What is the Camino de Santiago?

The Camino de Santiago is a set of routes that depart from different parts of the Iberian Peninsula and head towards the tomb of St. James the Apostle, guarded in the Cathedral of Santiago de Compostela.

To understand what the Camino de Santiago is, we must know its history. Its origins date back to the 9th century, after the discovery of the remains of the Apostle in a forest called Campus Stellae (nowadays Compostela). From that moment on, people from all over Europe began to travel great distances to visit the tomb and pay homage to the Saint. Such was its magnitude that the Camino de Santiago became the most important pilgrimage route in the Christian world.

Today, one thousand two hundred years after that discovery, the Camino de Santiago continues to be a world reference in pilgrimages, acquiring a dimension that goes far beyond the Christian faith.

The Camino de Santiago is a set of routes that depart from different parts of the Iberian Peninsula and head towards the tomb of St. James the Apostle, guarded in the Cathedral of Santiago de Compostela.

To understand what the Camino de Santiago is, we must know its history. Its origins date back to the 9th century, after the discovery of the remains of the Apostle in a forest called Campus Stellae (nowadays Compostela). From that moment on, people from all over Europe began to travel great distances to visit the tomb and pay homage to the Saint. Such was its magnitude that the Camino de Santiago became the most important pilgrimage route in the Christian world.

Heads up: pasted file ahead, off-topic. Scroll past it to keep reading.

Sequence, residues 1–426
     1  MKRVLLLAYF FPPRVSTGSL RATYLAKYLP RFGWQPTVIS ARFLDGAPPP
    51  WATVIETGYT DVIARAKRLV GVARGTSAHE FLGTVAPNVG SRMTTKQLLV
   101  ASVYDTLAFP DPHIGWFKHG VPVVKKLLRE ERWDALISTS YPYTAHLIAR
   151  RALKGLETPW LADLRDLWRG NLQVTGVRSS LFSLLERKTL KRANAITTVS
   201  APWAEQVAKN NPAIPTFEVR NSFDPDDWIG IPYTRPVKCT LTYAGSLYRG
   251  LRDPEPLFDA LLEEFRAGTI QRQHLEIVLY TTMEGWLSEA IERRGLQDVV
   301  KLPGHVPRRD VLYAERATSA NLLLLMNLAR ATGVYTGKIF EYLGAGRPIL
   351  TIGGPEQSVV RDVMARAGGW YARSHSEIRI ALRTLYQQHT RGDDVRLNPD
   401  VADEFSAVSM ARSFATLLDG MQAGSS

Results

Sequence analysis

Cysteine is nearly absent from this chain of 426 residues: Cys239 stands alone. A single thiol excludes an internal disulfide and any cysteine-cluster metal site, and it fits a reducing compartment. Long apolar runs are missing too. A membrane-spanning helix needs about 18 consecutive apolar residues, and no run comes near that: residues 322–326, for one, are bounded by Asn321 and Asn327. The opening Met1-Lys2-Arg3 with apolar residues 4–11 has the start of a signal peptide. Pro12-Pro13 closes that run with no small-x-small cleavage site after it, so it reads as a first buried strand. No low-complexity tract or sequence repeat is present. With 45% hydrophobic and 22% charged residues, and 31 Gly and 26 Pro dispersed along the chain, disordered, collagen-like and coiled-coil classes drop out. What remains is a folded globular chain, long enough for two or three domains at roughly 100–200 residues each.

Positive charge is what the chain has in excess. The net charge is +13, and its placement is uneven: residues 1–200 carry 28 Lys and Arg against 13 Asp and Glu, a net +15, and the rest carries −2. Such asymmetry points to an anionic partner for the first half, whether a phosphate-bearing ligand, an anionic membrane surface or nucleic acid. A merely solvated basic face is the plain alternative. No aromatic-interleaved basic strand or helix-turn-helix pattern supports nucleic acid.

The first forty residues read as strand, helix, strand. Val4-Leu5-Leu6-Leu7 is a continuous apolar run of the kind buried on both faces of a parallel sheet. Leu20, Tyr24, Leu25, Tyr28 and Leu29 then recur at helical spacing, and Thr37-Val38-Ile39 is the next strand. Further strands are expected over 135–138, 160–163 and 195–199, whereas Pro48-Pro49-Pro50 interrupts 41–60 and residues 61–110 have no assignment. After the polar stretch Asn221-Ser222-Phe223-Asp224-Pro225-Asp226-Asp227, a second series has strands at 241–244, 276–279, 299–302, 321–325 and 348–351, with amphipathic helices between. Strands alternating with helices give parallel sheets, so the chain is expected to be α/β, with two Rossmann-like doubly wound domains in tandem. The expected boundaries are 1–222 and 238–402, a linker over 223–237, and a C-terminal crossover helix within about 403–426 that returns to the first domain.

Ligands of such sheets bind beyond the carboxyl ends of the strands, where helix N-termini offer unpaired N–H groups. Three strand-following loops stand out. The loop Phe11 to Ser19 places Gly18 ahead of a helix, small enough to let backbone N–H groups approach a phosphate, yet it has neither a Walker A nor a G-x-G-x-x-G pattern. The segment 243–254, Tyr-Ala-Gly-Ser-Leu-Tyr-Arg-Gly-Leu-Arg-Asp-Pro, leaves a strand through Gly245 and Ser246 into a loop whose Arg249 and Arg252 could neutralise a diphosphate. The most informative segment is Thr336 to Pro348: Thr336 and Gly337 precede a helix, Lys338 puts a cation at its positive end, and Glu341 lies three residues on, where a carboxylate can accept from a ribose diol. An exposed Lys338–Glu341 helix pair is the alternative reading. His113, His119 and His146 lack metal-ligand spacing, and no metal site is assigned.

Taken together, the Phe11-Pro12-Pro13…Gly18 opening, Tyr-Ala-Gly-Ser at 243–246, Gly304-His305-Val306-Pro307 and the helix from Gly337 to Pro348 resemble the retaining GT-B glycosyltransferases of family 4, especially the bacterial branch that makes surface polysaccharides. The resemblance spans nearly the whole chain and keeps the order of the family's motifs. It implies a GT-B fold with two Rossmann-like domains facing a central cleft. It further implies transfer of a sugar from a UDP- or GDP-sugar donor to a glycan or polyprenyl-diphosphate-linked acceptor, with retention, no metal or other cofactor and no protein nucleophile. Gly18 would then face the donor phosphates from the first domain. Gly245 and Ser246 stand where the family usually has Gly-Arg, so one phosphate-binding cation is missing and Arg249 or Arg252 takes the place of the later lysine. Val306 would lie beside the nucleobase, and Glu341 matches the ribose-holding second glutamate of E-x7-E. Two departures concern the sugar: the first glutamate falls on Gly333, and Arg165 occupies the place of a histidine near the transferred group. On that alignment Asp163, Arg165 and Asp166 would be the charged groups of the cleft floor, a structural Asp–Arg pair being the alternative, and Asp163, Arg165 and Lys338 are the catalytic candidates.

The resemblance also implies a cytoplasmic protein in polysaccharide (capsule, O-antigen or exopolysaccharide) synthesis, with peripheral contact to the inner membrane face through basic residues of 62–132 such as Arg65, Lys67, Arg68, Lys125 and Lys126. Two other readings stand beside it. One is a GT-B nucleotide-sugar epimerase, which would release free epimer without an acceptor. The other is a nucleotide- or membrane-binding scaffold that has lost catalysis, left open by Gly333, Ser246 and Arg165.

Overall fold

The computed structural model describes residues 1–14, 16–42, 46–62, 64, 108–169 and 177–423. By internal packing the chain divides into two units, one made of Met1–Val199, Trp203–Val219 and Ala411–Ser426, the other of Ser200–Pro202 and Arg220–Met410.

Today, one thousand two hundred years after that discovery, the Camino de Santiago continues to be a world reference in pilgrimages, acquiring a dimension that goes far beyond the Christian faith.

What is the meaning of the Camino de Santiago?

In the In the late Middle Ages, the Camino de Santiago was considered a test of faith for Christians, through which they atoned for their sins and faults. A round trip, extremely long, which entailed great risks for the walkers, exposed to all kinds of dangers: robbers, scammers, wild animals, diseases, inclement weather, lack of food, lack of signaling etc.. Quite a feat that only the most fortunate managed to complete after many years of pilgrimage.